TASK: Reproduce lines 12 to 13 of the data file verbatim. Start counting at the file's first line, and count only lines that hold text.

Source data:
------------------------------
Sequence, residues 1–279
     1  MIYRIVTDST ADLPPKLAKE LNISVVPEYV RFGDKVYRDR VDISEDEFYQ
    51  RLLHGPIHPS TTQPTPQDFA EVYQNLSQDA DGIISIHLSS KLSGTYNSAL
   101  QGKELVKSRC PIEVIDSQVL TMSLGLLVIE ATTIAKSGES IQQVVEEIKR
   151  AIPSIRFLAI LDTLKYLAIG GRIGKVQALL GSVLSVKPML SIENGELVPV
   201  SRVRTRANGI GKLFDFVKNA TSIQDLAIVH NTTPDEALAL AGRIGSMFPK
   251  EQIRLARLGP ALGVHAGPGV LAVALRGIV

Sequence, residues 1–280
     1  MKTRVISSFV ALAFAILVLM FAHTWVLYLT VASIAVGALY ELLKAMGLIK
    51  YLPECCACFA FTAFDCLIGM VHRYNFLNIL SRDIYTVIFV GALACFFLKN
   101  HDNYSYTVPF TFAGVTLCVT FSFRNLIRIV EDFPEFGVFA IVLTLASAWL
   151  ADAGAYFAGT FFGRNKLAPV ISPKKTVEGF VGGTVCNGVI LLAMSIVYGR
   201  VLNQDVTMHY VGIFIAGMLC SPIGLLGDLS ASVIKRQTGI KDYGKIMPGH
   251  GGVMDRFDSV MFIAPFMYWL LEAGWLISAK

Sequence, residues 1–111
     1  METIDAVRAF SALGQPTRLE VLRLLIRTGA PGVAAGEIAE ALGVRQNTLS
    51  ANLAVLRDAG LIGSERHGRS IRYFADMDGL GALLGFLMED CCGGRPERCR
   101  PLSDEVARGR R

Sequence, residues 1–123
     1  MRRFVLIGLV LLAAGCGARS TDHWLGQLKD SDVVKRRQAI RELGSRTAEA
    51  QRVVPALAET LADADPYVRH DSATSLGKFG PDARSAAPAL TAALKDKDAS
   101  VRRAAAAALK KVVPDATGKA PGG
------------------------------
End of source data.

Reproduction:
   151  ADAGAYFAGT FFGRNKLAPV ISPKKTVEGF VGGTVCNGVI LLAMSIVYGR
   201  VLNQDVTMHY VGIFIAGMLC SPIGLLGDLS ASVIKRQTGI KDYGKIMPGH